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I am reading "Complexity and Cryptography" by Talbolt and Welsh. The book mentions the Berman and Hartmanis conjecture :

All $NP$-Complete languages are $p$-isomorphic.

Then the book says that if the conjecture is True then $P \ne NP$. I am unable to make sense of the proof the book gives, which is:

If $P=NP$ then all languages in $P$ are $NP$-Complete, but there are finite languages in $P$ and these cannot be $p$-isomorphic to infinite languages.

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Two languages $X$ and $Y$ are $p$-isomorphic if there's a polynomial-time computable bijection $f\colon X\to Y$ such that $w\in X\iff f(w)\in Y$.

Now, suppose that P$\,=\,$NP. Assuming we're defining NP-completeness in terms of polynomial-time many-one reductions, every language in NP, except for $\emptyset$ and $\Sigma^*$ is NP-complete. To see this, let $Y\in\mathbf{NP}\setminus\{\emptyset, \Sigma^*\}$ and pick two strings $w_{\mathrm{in}}\in Y$ and $w_{\mathrm{out}}\notin Y$. For any language $X\in \mathbf{NP}$, we can reduce $X$ to $Y$ in polynomial time using the function $$f(w) = \begin{cases} \,w_{\mathrm{in}} &\text{if }w\in X\\ \,w_{\mathrm{out}} &\text{if }w\notin X\,. \end{cases}$$ Since $X$ can be decided in polynomial time, we can compute $f$ in polynomial time. Note that there is a small error in the proof quoted in the question, which claims that all languages in P would be NP-complete if P$\,=\,$NP. This is incorrect: if we took $Y=\emptyset$ or $Y=\Sigma^*$, the reduction wouldn't work because one of $w_{\mathrm{in}}$ and $w_{\mathrm{out}}$ wouldn't exist.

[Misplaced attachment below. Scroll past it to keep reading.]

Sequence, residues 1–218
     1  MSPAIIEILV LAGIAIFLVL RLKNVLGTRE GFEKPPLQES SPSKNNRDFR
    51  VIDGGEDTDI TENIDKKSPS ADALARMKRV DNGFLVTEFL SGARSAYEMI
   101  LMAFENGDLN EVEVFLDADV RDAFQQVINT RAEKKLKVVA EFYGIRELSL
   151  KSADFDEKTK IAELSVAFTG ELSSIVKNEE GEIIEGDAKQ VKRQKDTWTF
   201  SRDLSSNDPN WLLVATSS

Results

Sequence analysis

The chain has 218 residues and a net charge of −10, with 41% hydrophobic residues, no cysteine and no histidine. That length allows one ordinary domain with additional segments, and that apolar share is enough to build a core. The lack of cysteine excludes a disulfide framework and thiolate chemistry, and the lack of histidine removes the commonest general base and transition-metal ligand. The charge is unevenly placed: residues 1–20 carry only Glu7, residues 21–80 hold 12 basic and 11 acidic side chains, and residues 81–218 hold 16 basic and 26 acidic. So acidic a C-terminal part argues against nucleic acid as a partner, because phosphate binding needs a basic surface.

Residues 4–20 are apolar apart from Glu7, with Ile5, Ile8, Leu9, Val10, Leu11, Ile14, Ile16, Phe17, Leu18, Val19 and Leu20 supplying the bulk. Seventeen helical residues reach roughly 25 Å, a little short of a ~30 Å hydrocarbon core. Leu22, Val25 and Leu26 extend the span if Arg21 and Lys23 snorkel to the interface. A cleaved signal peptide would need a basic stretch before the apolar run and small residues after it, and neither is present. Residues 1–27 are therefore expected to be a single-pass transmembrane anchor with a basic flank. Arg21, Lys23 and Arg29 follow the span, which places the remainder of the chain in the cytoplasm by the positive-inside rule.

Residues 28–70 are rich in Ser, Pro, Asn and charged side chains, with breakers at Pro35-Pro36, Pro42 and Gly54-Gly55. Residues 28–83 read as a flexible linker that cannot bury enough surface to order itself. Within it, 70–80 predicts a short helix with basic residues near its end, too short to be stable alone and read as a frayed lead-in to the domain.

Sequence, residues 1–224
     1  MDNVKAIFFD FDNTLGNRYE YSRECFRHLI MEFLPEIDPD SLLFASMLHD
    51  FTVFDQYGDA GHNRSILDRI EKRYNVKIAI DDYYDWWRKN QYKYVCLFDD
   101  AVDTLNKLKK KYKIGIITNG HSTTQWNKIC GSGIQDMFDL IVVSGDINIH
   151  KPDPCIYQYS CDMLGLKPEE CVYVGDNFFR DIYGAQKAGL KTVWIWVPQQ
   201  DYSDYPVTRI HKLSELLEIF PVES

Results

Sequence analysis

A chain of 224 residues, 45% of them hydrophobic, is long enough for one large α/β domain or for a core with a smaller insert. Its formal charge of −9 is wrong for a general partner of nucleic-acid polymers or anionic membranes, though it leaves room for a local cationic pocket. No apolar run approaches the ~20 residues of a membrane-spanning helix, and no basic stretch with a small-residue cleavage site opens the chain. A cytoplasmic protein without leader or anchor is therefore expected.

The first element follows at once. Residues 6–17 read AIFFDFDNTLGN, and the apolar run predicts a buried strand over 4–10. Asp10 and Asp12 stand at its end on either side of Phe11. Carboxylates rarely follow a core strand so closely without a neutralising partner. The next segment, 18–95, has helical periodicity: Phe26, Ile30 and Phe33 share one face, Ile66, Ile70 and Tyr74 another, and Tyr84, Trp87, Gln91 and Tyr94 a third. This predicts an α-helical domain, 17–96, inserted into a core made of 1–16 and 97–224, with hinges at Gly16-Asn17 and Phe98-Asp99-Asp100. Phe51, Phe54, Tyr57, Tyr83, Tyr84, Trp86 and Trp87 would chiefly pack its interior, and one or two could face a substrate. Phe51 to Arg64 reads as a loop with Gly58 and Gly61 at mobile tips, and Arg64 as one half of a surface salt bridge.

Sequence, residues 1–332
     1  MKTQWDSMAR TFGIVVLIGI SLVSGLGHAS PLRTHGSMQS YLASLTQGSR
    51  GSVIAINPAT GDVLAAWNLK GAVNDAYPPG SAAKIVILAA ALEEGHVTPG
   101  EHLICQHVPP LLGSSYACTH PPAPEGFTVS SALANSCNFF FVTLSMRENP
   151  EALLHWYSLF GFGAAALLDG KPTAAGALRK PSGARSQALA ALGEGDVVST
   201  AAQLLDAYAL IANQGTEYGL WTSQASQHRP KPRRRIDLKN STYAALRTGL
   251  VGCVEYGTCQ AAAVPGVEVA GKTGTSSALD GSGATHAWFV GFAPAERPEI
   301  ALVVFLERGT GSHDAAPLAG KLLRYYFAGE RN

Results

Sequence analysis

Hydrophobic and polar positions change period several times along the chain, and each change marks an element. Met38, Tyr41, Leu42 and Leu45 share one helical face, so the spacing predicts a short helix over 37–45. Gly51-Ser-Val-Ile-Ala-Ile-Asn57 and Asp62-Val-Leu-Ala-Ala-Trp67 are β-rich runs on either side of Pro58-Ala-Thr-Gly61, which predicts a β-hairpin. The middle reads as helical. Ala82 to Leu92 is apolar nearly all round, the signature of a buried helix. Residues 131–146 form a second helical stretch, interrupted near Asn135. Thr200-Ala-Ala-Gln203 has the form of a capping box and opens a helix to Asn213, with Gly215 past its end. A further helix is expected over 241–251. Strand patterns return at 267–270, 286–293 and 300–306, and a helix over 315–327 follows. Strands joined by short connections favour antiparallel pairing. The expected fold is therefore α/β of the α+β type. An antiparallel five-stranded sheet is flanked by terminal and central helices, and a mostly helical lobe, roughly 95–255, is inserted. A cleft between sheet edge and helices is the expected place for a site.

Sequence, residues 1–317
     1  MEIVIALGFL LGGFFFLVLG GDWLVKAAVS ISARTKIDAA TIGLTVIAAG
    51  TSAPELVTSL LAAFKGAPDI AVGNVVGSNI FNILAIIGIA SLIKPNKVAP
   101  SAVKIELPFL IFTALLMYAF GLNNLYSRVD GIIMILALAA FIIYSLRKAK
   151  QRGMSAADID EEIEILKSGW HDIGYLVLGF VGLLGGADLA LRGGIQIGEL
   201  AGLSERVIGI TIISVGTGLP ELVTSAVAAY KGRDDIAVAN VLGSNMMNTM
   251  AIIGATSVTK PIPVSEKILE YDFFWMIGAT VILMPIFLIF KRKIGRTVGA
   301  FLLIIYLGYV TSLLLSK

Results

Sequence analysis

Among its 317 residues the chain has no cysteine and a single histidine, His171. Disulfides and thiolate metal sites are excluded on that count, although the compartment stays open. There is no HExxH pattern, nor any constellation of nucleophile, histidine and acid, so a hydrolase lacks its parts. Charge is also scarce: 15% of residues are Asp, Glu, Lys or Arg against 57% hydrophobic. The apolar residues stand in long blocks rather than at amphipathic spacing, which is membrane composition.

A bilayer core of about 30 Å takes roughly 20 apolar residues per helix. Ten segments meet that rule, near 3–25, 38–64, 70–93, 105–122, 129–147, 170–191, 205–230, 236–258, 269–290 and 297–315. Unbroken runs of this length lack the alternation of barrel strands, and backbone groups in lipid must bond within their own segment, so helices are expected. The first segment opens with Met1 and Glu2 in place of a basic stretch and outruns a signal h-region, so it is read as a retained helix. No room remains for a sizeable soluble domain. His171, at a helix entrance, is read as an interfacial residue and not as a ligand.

So, we've established that, if P$\,=\,$NP, then every finite language is NP-complete; we also know that some infinite languages, such as $\mathrm{SAT}$ are NP-complete. But now suppose that there's a $p$-isomorphism between every pair of NP-complete languages. That means that, in particular, there's a bijection between every finite language and $\mathrm{SAT}$. But there can't be a bijection between a finite set and an infinite set.

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